THE CHANGE IN terms on the promissory notes following the liquidation of the Irish Bank Resolution Corporation and the deal with the European Central Bank is “very, very significant”, the Tánaiste has said.
He made the comments while speaking on RTÉ’s Morning Ireland today, where he said that work is already underway on advancing the legislation that was passed during an emergency sitting of the Dáil on Wednesday night.
The promissory notes are now gone, having effectively been turned into long-term Irish Government bonds with maturities of up to 40 years. The first principal payment on these bonds will be made in 2038.
Gilmore described the change in the terms as “very, very significant”. Speaking of the debt itself, he said “it’s unjust and unfair and of course we shouldn’t have been saddled with it”, but added “there is no point in looking for something that is unrealistic”.
On the subject of defaulting on paying the notes, he said that “default would plunge us into an economic crisis for… probably the next 20 years”.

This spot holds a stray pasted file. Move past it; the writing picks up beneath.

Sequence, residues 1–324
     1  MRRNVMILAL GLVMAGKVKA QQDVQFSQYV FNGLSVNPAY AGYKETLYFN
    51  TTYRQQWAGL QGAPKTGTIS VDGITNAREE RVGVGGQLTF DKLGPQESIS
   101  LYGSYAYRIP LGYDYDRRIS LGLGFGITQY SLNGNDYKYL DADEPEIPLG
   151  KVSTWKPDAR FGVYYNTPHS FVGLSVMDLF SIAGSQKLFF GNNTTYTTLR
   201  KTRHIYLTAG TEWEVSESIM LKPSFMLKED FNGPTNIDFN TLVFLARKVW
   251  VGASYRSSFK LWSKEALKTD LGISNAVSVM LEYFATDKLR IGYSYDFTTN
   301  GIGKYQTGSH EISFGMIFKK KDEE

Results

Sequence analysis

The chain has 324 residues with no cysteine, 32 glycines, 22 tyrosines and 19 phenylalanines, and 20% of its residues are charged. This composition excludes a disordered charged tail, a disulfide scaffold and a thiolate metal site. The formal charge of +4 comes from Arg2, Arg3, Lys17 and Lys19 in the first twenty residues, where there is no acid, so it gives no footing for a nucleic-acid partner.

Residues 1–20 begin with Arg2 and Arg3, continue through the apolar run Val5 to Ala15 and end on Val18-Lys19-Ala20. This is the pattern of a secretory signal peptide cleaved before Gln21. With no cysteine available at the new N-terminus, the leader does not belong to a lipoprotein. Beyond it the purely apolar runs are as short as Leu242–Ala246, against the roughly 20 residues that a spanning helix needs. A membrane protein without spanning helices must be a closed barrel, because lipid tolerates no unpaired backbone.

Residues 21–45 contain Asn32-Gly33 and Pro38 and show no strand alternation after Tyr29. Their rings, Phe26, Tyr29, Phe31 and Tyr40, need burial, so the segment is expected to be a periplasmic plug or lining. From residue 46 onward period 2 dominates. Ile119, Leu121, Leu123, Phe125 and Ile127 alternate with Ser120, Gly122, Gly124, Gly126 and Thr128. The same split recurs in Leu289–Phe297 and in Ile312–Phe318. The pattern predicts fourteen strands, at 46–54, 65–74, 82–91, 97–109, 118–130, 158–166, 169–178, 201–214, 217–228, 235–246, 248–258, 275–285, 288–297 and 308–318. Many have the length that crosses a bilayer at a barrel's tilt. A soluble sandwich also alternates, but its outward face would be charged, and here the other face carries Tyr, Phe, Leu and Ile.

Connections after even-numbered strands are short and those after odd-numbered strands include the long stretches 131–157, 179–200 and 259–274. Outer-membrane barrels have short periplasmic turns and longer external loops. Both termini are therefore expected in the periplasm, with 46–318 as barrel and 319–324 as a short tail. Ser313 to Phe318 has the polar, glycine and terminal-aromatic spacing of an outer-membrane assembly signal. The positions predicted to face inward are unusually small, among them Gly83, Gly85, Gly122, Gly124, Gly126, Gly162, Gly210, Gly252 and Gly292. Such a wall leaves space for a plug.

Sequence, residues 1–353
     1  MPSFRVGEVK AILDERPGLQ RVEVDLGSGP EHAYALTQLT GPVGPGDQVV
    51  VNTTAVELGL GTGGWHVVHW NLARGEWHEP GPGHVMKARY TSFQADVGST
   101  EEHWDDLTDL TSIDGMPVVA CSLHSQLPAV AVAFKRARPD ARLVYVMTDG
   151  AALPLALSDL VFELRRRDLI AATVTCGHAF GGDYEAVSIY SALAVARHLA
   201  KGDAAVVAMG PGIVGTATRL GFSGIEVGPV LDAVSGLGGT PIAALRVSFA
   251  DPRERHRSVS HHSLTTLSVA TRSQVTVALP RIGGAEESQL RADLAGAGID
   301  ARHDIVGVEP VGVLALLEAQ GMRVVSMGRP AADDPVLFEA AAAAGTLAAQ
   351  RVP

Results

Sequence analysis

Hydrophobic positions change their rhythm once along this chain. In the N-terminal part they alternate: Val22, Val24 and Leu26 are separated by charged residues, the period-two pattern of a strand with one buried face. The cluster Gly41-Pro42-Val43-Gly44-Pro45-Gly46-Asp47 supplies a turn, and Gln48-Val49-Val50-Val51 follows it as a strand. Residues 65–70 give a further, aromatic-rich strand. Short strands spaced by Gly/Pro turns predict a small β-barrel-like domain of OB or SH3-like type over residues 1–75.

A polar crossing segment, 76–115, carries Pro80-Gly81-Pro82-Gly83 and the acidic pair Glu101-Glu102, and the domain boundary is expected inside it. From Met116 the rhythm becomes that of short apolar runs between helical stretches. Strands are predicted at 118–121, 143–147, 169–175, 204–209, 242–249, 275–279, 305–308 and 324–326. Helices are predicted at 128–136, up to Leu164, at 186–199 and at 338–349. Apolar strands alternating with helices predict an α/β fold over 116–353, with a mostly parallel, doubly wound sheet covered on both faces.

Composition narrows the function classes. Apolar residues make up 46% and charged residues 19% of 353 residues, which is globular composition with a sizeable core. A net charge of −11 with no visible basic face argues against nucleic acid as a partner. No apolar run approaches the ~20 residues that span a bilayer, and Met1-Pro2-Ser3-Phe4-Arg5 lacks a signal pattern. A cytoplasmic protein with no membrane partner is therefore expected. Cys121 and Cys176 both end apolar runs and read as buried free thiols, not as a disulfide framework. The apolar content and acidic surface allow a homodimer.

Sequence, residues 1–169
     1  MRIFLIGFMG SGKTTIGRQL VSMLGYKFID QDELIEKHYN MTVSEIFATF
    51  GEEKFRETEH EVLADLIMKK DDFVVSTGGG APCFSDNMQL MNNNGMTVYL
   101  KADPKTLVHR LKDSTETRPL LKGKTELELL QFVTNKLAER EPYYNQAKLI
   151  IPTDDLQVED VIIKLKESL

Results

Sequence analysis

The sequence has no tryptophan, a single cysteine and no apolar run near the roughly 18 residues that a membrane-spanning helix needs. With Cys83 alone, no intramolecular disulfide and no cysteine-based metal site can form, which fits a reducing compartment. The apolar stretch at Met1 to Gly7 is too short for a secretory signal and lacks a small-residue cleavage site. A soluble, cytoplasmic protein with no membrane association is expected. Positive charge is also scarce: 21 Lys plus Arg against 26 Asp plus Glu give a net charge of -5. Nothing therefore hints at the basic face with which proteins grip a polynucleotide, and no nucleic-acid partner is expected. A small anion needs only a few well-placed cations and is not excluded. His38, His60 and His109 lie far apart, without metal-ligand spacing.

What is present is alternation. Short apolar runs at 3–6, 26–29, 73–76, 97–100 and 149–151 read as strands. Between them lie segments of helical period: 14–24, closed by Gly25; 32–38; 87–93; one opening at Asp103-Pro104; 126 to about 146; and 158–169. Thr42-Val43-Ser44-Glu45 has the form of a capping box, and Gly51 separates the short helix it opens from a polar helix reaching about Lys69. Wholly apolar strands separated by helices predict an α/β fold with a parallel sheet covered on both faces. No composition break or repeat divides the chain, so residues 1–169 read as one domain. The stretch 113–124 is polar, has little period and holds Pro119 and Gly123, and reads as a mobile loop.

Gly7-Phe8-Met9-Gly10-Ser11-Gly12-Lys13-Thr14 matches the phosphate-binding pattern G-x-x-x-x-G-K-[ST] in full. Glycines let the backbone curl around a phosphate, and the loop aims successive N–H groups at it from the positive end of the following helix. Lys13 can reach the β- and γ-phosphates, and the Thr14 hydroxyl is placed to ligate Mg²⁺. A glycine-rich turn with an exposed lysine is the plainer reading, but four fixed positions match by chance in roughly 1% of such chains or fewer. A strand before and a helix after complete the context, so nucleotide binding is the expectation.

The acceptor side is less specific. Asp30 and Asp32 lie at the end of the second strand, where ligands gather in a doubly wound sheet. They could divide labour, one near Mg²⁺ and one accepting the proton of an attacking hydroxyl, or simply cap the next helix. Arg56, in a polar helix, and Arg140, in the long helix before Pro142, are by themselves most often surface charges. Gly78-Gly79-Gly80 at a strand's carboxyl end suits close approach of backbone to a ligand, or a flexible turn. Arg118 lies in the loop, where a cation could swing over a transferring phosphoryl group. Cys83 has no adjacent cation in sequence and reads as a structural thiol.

The Tánaiste said that Ireland’s borrowing requirement is down by €20 billion over the next 10 years.
“By any standards this is a good outcome for Ireland,” said Gilmore, adding the country has more work to do in terms of bank debt.
He said that the deal “wasn’t done until it was complete” but that action had to be taken when the word leaked out about the plan to liquidate the IBRC. According to the Tánaiste, the government had anticipated the possibility that something like this might happen, and had put in place a contingency plan.
One of the issues that the Fine Gael-Labour government faced when it came into power was that “this country had little credibility around the tables in Brussels or across the table in the ECB”, said Gilmore. “The first thing we had to do was restore our reputation.”
Regarding the discussions on the EU budget, Ireland has been seeking a package of money to address the problem of youth unemployment, and he understands that €6 billion will be made available for countries experiencing high rates of this. Ireland will benefit from part of this money in the EU budget.